As a recent convert to the United Church of Christ, and a rural Midwesterner, I'm often surprised in my travels when I come upon a well-established and aged UCC church.
I was attending a conference in Portland, Maine, recently and encountered a gorgeous stone building with the simple word "Congregational" carved in the stone above the entry, but with a modern sign in front declaring the building to be a United Church of Christ meeting place. It gives me pause to see such a structure, given my short history with UCC.
You see, the congregation I attend rents the narthex of a campus chapel, not the chapel itself, though the chapel proper goes unused on Sunday mornings. We rearrange the furniture and coffee machines before worship, and then return them to their customary places upon its end.
On a good Sunday we might have 30 adults in attendance. Most are farmers, teachers, and professors, with a few professionals and retirees rounding out the group. We are almost entirely white, but the children with us are less so.
Our minister is part time and holds another position with the Iowa Conference of the UCC. Part of my job, as moderator of the congregation, is to remind her of to take it a little easier and try not to do too much. The Sunday after my return from Portland, she preached about Jacob wrestling with the angel. She has a fascination, perhaps, with those who attempt the impossible.
The tallest member of the congregation is a transgendered person, standing about six foot five and given to heavily patterned synthetics with floral designs. We also have a lesbian couple whose names I reverse if I'm not careful.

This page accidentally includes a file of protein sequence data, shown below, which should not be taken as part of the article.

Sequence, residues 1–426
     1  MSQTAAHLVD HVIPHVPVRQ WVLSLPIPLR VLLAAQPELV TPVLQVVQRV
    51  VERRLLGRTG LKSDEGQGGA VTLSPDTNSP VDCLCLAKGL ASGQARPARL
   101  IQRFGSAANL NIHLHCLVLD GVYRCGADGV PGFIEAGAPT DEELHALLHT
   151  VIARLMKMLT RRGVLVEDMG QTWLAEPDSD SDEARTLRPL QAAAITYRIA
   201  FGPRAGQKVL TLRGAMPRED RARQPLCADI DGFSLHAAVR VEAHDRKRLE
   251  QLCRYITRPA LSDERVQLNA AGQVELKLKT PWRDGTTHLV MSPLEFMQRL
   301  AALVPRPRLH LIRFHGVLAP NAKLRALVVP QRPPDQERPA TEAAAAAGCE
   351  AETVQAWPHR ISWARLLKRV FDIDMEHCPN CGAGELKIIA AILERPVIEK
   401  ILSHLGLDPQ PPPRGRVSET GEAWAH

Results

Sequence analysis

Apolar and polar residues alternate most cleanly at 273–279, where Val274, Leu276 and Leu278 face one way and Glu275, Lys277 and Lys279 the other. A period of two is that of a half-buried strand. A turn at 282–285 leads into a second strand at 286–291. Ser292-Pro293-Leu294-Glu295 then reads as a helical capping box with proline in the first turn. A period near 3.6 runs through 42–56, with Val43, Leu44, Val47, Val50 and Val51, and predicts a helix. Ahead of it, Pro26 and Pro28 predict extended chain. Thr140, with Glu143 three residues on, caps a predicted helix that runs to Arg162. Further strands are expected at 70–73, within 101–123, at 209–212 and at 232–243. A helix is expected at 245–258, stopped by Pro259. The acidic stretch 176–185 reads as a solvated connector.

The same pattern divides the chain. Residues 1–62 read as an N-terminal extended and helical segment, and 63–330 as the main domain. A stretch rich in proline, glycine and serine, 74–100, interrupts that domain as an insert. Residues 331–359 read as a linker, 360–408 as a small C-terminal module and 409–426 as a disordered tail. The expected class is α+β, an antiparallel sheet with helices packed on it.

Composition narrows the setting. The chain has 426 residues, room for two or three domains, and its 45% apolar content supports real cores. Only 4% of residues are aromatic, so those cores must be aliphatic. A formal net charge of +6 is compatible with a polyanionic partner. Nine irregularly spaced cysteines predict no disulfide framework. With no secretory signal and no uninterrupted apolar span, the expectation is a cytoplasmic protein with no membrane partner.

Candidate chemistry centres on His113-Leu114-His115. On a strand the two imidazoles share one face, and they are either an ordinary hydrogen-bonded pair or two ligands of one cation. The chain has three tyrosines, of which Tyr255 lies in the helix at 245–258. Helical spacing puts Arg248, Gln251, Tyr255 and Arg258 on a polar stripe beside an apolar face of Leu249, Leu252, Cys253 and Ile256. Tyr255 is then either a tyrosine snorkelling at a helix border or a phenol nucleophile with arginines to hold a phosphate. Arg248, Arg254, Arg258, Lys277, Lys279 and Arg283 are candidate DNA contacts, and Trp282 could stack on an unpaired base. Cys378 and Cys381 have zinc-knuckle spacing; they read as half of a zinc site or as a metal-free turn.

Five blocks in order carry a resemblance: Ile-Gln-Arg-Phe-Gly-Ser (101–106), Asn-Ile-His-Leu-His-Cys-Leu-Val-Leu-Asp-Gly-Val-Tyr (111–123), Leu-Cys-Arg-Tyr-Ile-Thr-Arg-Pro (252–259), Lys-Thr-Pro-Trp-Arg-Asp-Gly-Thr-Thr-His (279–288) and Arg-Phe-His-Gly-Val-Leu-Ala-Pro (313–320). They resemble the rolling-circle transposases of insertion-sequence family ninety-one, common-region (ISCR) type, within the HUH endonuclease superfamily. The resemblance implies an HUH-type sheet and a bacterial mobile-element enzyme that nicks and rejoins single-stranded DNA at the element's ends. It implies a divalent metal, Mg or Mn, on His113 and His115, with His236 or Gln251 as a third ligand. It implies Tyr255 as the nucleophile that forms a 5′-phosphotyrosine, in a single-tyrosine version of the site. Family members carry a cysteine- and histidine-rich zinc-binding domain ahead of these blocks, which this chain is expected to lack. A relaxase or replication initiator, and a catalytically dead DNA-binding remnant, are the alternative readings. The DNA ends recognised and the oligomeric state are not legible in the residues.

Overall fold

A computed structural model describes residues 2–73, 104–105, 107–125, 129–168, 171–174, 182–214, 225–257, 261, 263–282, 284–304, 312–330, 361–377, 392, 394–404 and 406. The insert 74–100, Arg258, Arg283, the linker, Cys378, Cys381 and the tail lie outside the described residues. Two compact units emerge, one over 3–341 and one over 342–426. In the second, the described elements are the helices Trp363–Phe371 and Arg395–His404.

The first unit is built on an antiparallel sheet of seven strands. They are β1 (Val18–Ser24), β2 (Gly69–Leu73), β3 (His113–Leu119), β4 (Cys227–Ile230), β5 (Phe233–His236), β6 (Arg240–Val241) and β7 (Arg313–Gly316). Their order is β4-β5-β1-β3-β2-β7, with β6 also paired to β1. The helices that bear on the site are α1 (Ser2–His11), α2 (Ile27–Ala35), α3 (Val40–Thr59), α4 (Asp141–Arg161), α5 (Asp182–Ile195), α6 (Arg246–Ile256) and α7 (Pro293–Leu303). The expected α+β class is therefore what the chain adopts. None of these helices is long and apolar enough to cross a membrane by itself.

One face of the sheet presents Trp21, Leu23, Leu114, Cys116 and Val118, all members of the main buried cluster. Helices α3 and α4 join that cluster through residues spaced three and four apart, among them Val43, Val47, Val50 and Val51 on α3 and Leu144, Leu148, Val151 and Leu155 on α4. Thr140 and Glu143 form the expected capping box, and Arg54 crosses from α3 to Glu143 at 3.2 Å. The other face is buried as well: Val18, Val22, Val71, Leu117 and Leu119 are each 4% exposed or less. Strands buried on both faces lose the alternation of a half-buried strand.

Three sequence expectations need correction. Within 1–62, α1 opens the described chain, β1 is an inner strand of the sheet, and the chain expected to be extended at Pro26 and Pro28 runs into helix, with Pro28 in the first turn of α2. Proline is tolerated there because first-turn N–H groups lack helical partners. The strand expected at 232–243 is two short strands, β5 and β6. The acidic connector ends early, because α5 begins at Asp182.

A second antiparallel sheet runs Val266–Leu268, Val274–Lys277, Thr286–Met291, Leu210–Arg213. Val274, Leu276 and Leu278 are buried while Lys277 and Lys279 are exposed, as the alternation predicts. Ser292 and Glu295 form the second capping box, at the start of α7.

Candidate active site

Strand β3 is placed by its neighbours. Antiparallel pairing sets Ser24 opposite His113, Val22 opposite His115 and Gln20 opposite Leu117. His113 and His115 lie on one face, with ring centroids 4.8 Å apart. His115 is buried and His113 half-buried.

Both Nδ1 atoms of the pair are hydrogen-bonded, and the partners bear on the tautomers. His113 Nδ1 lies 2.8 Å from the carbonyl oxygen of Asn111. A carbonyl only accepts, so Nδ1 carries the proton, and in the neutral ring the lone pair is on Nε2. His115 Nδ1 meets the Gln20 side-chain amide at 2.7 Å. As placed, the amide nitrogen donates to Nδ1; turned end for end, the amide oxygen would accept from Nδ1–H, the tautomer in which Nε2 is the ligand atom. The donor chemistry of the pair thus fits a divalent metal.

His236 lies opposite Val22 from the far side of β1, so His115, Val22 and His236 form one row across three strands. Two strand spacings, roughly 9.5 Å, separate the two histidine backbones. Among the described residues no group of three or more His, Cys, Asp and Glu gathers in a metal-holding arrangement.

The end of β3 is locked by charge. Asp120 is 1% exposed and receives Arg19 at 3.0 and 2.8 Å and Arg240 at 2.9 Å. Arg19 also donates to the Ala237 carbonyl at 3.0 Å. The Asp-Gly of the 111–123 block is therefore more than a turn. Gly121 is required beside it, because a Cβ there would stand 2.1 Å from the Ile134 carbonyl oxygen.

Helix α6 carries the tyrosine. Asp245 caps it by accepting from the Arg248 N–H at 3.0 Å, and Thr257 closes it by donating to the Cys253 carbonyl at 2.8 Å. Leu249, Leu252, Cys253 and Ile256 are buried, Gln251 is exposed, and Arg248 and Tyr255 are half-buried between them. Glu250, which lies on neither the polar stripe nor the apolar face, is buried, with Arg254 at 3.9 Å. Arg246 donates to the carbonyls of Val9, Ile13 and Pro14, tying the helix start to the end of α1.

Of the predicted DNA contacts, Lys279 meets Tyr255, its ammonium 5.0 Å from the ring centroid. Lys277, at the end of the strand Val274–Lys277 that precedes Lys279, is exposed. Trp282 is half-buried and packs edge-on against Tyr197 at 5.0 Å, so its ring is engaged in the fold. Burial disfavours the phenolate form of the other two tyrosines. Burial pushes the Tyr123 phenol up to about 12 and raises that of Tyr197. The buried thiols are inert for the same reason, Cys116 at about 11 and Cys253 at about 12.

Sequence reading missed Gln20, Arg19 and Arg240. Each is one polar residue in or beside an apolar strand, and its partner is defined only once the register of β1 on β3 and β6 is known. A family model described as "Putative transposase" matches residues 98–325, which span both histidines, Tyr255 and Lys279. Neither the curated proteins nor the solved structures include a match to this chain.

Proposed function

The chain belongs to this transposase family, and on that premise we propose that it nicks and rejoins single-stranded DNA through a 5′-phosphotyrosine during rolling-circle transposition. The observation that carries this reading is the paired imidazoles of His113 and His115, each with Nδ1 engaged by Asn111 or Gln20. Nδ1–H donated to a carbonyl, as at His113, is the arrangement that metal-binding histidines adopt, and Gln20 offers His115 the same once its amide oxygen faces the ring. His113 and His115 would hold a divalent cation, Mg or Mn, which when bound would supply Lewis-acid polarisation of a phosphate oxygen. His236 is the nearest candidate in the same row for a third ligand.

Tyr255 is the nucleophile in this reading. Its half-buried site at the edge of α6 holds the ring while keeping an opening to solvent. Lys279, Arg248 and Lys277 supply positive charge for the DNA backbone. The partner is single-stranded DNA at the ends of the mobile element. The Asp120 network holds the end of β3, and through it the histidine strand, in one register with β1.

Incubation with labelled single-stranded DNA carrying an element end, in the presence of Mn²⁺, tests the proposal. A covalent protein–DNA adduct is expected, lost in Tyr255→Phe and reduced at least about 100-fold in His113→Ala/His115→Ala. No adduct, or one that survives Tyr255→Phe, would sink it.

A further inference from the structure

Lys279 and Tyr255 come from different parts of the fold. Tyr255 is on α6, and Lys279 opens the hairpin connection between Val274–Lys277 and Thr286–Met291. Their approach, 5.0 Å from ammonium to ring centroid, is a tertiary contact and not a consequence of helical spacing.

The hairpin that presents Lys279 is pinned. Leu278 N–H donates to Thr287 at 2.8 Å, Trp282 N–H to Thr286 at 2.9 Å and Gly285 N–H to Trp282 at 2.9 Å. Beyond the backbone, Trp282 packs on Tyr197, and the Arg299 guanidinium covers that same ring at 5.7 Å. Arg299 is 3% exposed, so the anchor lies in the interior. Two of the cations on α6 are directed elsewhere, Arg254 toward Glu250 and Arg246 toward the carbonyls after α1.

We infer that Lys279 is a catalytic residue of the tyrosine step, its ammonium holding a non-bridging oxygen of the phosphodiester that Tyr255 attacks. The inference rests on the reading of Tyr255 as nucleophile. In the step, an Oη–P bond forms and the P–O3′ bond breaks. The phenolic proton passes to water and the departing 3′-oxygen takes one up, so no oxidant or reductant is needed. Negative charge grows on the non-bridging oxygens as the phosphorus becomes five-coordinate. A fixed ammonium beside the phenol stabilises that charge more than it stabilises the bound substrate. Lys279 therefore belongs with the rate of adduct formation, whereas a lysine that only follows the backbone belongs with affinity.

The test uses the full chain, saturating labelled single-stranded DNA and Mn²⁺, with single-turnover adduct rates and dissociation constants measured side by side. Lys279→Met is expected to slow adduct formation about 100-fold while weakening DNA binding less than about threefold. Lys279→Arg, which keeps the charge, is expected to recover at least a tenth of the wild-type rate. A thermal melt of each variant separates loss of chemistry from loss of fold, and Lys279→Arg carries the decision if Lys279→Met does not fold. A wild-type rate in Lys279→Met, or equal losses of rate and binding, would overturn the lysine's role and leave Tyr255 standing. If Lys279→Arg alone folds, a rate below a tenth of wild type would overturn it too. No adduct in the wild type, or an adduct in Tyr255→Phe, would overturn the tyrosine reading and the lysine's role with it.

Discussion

The most trustworthy musician among us is a mental health therapist by profession, and it was she who counseled me when I went through a divorce a decade ago. She leads us in hymns with a guitar, and it's not uncommon that the rhythm we are following is more reminiscent of The Eagles than a church choir.
But we are not happy tableau out of an Anne Tyler novel. The charter members who initiated the church were not UCC but Presbyterian. They left that congregation reluctantly over issues of conscience and worshipped unaffiliated for some time. Even now there are some hard feelings between some members of the two congregations.
We struggle financially. We know that we are only two or three tithing families removed from going under.
We lost two of our most solid younger members to car wrecks in a period of less than three months. Our transgendered member who waited until middle age to "come out" was recently diagnosed with, and treated for, a brain tumor.
We try. When those among us grieve or fall ill, we feed and care for them. When one of us is unable to drive, we find rides. We sponsor a Native American family in South Dakota, and a van load of us drives out there every summer, armed with ample person-power and a little money.
I stumbled upon these folk by coincidence, my newly married spouse wanting to give them a try — their meeting place nearby and them not being the church of my past marriage. But I stay for the God I know here, and the God I want to know more.
Only once in the New Testament do we hear that Jesus laughed, but I believe we would make him laugh: this odd assortment of eccentrics, academics and marginalized; this congregation of a score and 10 that meets just outside a huge and empty worship hall; these small gestures of grace and large hearts of concern.
And once the Christ quits laughing, I know he would smile.
Steve Rose is moderator of Crossroads UCC in Indianola, Iowa, and professor of education at Simpson College.